Tallgrass Prairie Preserve
Discover a piece of ancient America
More than 2,000 bison now dot the grasslands of the Tallgrass Prairie Preserve. Photo by James Pratt
When Christopher Columbus “discovered” the New World, sprawling grasslands swept down the center of North America from the prairie provinces of current-day Canada into what became Texas, spanning portions of 14 future states. An estimated 60 million American bison (commonly known as buffalo) roamed these vast “Great Plains.” The Joseph H. Williams Tallgrass Prairie Preserve north of Pawhuska, portions of which are located within Indian Electric and Verdigris Valley Electric Cooperative territories, is the greatest stretch of this wild prairie remaining in the U.S. and the largest such virgin grassland on the globe.
Geoffrey M. Standing Bear, principal chief of the Osage Nation, described it as “one of the last great places on earth.”
Harvey Payne, having been born into this “sea of grass” and raised on a nearby Osage ranch in the 1950s knows these grasslands perhaps better than any other individual.
“Once in his life a man ought to concentrate his mind upon a remembered earth,” he said overlooking the grasslands dotted with herds of bison and a rich ecosystem of wildlife.
Free-roaming wild bison dominate the Tallgrass Prairie Preserve. To American native peoples, the bison were as much a spirit force as beasts that provided food, clothing and shelter. But by the 1880s commercial hunting by European settlers pushing west had effectively destroyed the bison along with the ancient and traditional Native American lifestyle the animals supported. By the end of the century, the species had dwindled down to only 541 individuals.
Ranching replaced bison in the early 20th century as cattlemen moved in and built empires like the Mullendore Ranch and the 101 Ranch. In 1891, Harvey Payne’s great-grandfather walked from Springfield, Missouri, to settle in Oklahoma Territory. Harvey still owns and operates a nearby ranch. He also had his own law firm in Pawhuska until after 1989 when he was persuaded to join a five-member “save the Tallgrass” task force that evolved into the Nature Conservancy. The Conservancy purchased 29,000 acres of the Barnard portion of the Chapman- Barnard Ranch through private non-government donations from individuals, corporations and foundations.
From that beginning the Preserve expanded into the current 40,000 acres—renamed in 2015 as the Joseph H. Williams Tallgrass Prairie Preserve in honor of Williams’ key leadership in the project. The Conservancy’s plan was to restore the prairie ecosystem to its natural state—including the bison.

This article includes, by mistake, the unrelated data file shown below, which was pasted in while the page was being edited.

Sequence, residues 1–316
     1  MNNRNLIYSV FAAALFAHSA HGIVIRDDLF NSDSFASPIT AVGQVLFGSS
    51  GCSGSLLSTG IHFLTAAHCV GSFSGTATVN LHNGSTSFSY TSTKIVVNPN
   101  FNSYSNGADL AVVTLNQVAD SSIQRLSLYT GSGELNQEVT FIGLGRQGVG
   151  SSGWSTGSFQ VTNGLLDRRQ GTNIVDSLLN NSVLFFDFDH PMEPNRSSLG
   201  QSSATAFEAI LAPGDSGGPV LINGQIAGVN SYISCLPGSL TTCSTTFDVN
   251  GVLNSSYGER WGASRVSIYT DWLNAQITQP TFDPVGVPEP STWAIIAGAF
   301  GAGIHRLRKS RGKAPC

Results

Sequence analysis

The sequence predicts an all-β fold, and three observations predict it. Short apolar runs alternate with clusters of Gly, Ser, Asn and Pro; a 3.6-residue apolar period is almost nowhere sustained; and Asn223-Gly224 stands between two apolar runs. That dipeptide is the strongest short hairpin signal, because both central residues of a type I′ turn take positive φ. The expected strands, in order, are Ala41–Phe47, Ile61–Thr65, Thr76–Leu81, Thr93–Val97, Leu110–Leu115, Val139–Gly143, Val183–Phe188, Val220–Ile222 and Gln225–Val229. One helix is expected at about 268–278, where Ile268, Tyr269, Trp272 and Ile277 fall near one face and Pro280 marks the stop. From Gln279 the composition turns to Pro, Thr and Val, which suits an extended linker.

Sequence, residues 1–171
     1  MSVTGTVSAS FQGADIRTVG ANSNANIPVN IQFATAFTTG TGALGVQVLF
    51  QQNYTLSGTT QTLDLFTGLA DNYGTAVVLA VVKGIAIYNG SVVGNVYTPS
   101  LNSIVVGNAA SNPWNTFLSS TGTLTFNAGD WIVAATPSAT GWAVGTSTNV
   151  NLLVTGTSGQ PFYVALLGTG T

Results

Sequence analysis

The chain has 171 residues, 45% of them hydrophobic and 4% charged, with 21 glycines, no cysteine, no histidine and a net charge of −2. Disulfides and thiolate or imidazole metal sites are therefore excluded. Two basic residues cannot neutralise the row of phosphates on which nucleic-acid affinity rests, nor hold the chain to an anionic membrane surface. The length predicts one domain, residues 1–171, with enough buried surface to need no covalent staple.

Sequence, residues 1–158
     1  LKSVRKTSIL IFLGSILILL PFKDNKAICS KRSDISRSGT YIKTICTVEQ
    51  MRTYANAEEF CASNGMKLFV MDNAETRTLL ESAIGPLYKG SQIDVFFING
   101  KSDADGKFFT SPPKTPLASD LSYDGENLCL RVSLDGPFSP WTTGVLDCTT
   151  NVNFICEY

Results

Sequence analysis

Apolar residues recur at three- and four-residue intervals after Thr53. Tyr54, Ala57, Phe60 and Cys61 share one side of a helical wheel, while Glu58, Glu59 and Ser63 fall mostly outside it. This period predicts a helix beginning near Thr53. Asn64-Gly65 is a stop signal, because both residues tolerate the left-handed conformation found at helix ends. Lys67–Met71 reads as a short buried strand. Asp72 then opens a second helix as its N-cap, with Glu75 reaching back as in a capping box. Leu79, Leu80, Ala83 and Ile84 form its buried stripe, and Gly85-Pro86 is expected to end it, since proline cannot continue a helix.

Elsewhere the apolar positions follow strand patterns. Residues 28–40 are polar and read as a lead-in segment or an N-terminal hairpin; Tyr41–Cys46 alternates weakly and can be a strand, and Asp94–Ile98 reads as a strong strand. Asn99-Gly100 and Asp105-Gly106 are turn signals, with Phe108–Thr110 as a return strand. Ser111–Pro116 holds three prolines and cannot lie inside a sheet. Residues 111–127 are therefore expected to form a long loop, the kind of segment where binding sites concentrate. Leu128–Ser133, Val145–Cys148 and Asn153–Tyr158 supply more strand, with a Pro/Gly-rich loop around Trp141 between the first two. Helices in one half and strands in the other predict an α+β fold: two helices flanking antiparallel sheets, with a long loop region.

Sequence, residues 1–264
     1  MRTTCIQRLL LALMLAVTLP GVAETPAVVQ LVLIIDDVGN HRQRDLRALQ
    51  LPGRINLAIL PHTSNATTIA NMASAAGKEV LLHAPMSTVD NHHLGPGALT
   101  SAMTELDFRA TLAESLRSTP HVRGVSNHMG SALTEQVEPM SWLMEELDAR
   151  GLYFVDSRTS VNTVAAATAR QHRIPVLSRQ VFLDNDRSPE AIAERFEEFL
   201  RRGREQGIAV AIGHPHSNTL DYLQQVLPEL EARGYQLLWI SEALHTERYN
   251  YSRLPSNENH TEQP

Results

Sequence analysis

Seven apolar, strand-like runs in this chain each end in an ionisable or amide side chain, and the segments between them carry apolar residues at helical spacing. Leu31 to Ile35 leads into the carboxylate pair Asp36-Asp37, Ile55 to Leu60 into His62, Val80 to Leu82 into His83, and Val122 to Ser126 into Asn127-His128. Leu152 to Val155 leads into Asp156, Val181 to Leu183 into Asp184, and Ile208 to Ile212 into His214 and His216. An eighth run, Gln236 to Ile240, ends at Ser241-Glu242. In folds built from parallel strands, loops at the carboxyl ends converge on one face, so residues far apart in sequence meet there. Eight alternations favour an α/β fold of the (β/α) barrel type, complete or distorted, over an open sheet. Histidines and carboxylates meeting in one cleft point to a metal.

At the time the Preserve was established, there were no free-ranging bison in Oklahoma. Over 2,000 bison now dot the grasslands of the Preserve, a sight that had not been seen anywhere on the Great Plains for nearly a century and a half. Currently, about 500,000 bison in the U.S. live on private lands such as the Preserve, while another 30,000 occupy public environmental and government preserves. Only about 15,000 of these are considered wild, free-range bison like those of the Tallgrass Prairie.
While the Preserve is not a museum, zoo, or theme park, it encourages visitors through an on-site Visitor Center open year-round that features displays, gift items, a soft drink machine, potable water and restrooms. No camping, overnight hiking, hunting or fishing is allowed on the grounds, although maintained nature trails offer day hiking. Tables along Sand Creek provide opportunities for picnicking.
Tourists arrive from every state in the union and from Canada, South and Central America, Europe, Asia and Africa. Signs warn them to be aware of the bison, as males may weigh over a ton, can jump up to 6 feet vertically, run as fast as 40 miles per hour, and are notably short-tempered.
Professor James P. Ronda, the first holder of the Horace G. Barnard Chair in Western American History at the University of Tulsa, partnered with Harvey Payne from almost the beginning of the Tallgrass enterprise. A talented writer, he collaborated with Payne, a gifted nature photographer, in the publication of “Visions of The Tallgrass” (University of Oklahoma Press, 2018), the definitive book covering the history, geography, and ecosystems of the world’s most unique surviving grasslands—Oklahoma’s Tallgrass Prairie.
“A piece of ancient America still alive and still able to touch us deeply,” Ronda concludes.